The Pushkin Club was established in 1953 by Maria Kullman and her brother and sister-in-law, Nicholas and Militsa Zernov, at 24 Kensington Park Gardes as a non-profit-making house for students and academics of all nationalities. In addition to providing lodgings, the house ran a program of recitals and lectures. In 1958 the Club moved to its present location at 46 Ladbroke Grove.
The list of speakers the Club attracted over the years includes many brilliant names. The Very Reverend Metropolitan Anthony Bloom, Sir Isaiah Berlin, and Dame Elizabeth Hill are among those who have always had a connection with the Club and have spoken on many occasions. In 1955 Tamara Karsavina spoke of her linfe in the ballet; the following year Edward Crankshaw talked of the Soviet Union in the aftermath of the 20th Party Congress. Talks were given by Dame Marie Rambert, Dr. Aaron Steinberg, Dr. Georgi Adamovich, Professor Konovalov, Alexandra Wexler, and Dr. Nikolai Andreev.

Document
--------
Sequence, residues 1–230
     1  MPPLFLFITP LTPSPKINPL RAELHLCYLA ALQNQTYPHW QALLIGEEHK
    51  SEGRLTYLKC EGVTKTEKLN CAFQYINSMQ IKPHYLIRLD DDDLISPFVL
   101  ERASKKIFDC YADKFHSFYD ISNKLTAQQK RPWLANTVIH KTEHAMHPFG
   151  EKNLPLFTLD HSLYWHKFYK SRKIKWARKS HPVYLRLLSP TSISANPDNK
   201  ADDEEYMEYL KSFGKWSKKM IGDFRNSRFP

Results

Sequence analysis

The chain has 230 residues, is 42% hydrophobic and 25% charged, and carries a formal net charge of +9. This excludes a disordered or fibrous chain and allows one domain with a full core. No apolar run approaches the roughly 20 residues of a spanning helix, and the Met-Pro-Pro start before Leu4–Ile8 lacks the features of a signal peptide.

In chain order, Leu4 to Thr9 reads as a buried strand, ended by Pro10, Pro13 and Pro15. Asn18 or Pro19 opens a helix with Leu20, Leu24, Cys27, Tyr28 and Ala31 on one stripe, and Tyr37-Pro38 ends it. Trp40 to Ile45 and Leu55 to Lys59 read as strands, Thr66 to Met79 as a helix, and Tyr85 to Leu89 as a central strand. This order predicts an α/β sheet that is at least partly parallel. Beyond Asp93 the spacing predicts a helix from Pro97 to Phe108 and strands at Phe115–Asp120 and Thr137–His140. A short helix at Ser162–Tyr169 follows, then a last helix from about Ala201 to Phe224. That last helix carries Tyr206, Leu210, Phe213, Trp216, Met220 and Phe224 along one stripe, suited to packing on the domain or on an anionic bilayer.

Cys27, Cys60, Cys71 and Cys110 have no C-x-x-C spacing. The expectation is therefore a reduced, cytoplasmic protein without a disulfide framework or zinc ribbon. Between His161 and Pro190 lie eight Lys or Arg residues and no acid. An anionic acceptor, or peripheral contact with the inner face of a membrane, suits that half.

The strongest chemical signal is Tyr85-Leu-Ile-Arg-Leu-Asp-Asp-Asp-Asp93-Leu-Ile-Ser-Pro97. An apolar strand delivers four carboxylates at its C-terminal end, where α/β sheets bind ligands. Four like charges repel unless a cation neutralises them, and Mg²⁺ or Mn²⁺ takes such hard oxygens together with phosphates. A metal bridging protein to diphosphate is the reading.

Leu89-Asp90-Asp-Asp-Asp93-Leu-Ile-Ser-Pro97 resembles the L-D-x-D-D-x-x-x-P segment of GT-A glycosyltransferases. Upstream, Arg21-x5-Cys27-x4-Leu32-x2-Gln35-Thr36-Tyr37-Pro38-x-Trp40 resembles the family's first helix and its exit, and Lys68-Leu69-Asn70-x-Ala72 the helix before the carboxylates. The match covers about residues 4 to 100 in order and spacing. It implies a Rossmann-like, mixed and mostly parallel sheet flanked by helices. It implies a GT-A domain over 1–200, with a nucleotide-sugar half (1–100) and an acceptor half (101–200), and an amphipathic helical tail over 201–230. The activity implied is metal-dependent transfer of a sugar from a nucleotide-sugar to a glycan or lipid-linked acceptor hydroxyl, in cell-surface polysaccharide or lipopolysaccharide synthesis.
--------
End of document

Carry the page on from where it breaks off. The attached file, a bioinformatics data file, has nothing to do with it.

Katerina Kornakova, once a favorite pupil of Stanislavsky, gave a breath-taking performance of “Netochka Nezvanova” only months before her death. Oda Slobodskaia used to give song recitals. Mstislav Dobujinsky, one of the last surviving members of Mir Iskusstva, held more than one exhibition in the Club. Among other exhibitions was one of paintings and lithographs by Leonid Pasternak.
In 1960 Konstantin Fedin and Alexander Tvardovsky spoke at the Pushkin Club; among the audience was Baron Alexander Meyendorff, aged over 90. Perhaps only at the Pushkin Club was it possible for three such different figures to engage in public discussion. Twenty-seven years later the entire ground floor of the Pushkin House was again filled to capacity for an evening of poetry reading; amongst the readers was Irina Ratushinskaia, who had arrived in London only a few days previously.
Now the Pushkin Club maintains its program of lectures, recitals, and poetry readings, and, in various ways, responds to the new situation of the 1990s.
Reported by Dr. Jonathan Sutton, University of Leeds